Thursday, 14 July 2016

Haybes to Revin

Monday 27 June

15 kilometers, 4 locks, 1 tunnel, 3 hours 40 minutes (current between 2 and 4.5kph).

A lovely day so off we go, past the still deserted Fumay quay,

Fumay Port
and along the pretty waterway.

Tatty houseboat.

In no time at all we are at the 290m Revin tunnel where the lights come on automatically as one enters.

Through we went without incident, exited the lock at the end of the tunnel, swung hard downstream (right) and idled at 9kph to the beautifully manicured PdP of Revin where there was one space left – “It’s 13 meters so you will fit – just reverse in” say the team of willing helpers. Nope, reversing down-current is not a great idea so we back-up past the enormous (to us), brand new, 17m ‘ship’ and edge nose-in in front of it, almost bumping the smaller boat off our bow, occupied by a terrified Dutch couple who did not make an appearance until we were made fast 1m astern of them…I don’t make a hash of it and by some miracle we park 12.25m into a 13m spot (we’re actually 13m tip to stern but don’t tell a soul) with davits folded in. Thanks to Trevor the Aussie and the team of Belgium (some ex-Belgium Congo) and Dutch helpers who made it possible.

Tight fit!

The port, looked after by the same delightful lady for the last 18 years is like a private garden with creatively laid out flower beds, mown lawns and a duck-poo free quayside. Great place for a stop-over.

The Captainerie
In Dinant we had briefly met a New Zealand couple, Neville and Aynsley aboard Oso (means ‘ox’ and has links with the previous owner’s surname but we thought “Oso nice” or “Oso pretty” seemed a better interpretation) and they also arrived and moored up at the quay in the 'speedboat' section.

The town of Revin has two distinct sides to it: The more industrial and modern side where the mooring is (and with a big Intermarche nearby), and the old part with a couple of restaurants, boulangeries etc.

The next day we Googled somewhere to have lunch and Lynn decided on a restaurant called ‘La Ferme du Malgre Tout’ (‘The Farm Inn Nevertheless’???) which, on Trip Advisor’s map, was only a 2.7km ride away, partially up a hill. So off we went, into the industrialised part to get to a bridge which would take us across the canal (not realising that the very nearby railway bridge has a pedestrian path running next to it…), into the old part of town and up the hill. After about two hairpin turns we came across a lovely war memorial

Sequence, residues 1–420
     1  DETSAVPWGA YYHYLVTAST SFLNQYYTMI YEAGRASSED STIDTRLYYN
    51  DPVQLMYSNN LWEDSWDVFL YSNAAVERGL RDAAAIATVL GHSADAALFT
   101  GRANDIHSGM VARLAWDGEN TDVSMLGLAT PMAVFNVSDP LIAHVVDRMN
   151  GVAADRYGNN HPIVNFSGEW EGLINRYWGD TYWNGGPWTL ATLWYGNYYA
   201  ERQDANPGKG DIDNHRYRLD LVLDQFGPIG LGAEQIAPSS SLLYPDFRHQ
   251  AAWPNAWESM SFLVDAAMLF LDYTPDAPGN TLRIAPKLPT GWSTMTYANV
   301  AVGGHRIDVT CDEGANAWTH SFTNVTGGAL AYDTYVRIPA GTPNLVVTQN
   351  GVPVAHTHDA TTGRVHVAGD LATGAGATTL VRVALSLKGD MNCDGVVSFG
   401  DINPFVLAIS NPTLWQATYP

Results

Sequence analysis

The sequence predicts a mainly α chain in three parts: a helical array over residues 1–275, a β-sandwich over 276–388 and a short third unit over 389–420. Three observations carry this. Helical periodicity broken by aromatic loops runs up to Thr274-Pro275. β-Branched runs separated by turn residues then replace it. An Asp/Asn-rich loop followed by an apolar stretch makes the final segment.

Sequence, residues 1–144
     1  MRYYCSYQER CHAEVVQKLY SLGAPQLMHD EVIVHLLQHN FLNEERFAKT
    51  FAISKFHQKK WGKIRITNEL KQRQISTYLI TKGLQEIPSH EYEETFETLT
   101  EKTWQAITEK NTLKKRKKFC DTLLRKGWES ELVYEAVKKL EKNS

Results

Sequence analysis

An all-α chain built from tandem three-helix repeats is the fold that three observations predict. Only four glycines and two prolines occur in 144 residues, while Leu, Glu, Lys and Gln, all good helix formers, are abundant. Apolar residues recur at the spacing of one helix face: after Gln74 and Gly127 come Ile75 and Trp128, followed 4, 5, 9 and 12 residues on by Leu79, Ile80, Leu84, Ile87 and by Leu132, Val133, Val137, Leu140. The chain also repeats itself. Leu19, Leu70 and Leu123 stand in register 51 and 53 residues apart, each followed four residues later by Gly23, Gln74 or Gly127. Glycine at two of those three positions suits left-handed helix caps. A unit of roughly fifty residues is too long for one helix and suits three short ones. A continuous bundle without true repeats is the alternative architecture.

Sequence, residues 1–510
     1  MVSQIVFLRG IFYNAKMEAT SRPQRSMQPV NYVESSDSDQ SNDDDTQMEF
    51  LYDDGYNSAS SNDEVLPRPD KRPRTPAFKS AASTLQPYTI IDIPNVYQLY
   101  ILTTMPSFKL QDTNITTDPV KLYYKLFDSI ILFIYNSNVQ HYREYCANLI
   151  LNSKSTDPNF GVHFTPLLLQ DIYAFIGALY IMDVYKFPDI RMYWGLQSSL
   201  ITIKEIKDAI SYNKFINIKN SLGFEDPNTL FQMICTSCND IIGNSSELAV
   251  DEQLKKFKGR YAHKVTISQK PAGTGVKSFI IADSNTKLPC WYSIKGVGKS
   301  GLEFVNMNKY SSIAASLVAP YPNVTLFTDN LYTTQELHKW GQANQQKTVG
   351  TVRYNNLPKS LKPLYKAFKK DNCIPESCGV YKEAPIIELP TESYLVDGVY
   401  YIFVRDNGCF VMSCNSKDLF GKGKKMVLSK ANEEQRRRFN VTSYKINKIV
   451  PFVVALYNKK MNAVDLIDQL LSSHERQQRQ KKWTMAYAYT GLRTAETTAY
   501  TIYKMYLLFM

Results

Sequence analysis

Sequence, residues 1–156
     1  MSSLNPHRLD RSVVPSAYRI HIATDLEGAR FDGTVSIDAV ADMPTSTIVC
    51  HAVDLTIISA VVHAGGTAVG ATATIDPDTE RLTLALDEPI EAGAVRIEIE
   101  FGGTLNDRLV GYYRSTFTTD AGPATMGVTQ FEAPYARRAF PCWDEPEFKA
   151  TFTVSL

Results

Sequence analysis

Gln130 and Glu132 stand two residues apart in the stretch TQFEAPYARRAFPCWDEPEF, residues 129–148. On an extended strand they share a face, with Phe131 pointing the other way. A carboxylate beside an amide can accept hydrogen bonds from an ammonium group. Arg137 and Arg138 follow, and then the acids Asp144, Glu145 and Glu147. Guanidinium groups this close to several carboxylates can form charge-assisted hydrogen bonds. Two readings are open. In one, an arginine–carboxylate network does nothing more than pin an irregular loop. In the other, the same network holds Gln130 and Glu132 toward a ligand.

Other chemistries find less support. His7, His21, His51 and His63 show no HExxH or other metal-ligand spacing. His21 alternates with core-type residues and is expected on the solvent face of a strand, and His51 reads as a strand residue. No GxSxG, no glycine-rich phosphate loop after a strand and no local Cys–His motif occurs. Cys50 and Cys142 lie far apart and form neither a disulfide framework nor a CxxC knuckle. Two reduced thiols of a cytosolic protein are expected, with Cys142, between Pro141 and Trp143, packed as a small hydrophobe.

and, after another three, a viewing spot with wonderful views of the Meuse River, the tunnel entrance and the canal – and the town of Revin.

Revin: Meuse River on right, tunnel entrance foreground of bridge, canal on left and old town center.

But no restaurant – not even a signpost. At the bottom of the hill I had noticed a sign on the side of a house announcing ‘Annexe – La Ferme du Malgre Tout’ so we decided to go back and make some enquiries; an elderly couple spring-cleaning their house indicated that we needed to go back up the hill for about three kilometres and we would find the place. So we did, hairpin after hairpin, through lovely forest and tinkling waterfalls until the slope flattened out and still we rode on, eventually coming to a split in the road with a faded old wooden sign indicating that the restaurant was 400m down the left fork – and there it was! ‘Ferme’ indeed (for any non-French speaking readers, ‘la ferme’ is ‘a farm’ and ‘ferme’ is ‘closed’) – not a soul in sight and no indication of opening times so after knocking a few times we set off for a lovely 3.7km, 380m freewheel descent back to Revin where we had a below par lunch at our second choice restaurant ‘La Bonne Source’.

Tomorrow we plan to set off bright and early for Charleville-Mézières, our last town on the Meuse before we turn onto the Canal Des Ardennes.

Wednesday, 13 July 2016

Dinant to Fumay (almost) and then to Haybes

Saturday 25 June

50 kilometers, 11 locks, 1 tunnel, 9.5 hours (current up to 4kph in places).

And finally, off we go to France.

An early departure, past Jean-Pierre who is up and about to wave us on, past the Bayard Rock (, through the ‘striking’ Anseremme lock, past Gem at Waulsort, and finally up to the Givet lock where we see the lights go to red-green (preparing the lock) – and only one door opens. Oh bloody no! But it is wide enough for the boat inside to exit and, thankfully, for us to squeeze into – France at last, despite being three weeks late. The brilliant lockie, happy to converse in English, gives us maps and brochures and the tele-commander and instructions on how to use it.

The locks from here to Charleville-Mezieres, some 50 kilometres upstream, are automatic.

Then it’s through Givet with its still-closed-Port de Pllaisance, and up to the small lock just before the Ham tunnel when the heavens, just on cue, opened. A lovely young lady (student?) locked us through (no, the locks are not automated until after the tunnel) and with a bit of claustrophobic induced trepidation we entered the tunnel only to find that the exit some 600 meters away seemed right in our faces and the reportedly uber-low tunnel was like a cavern.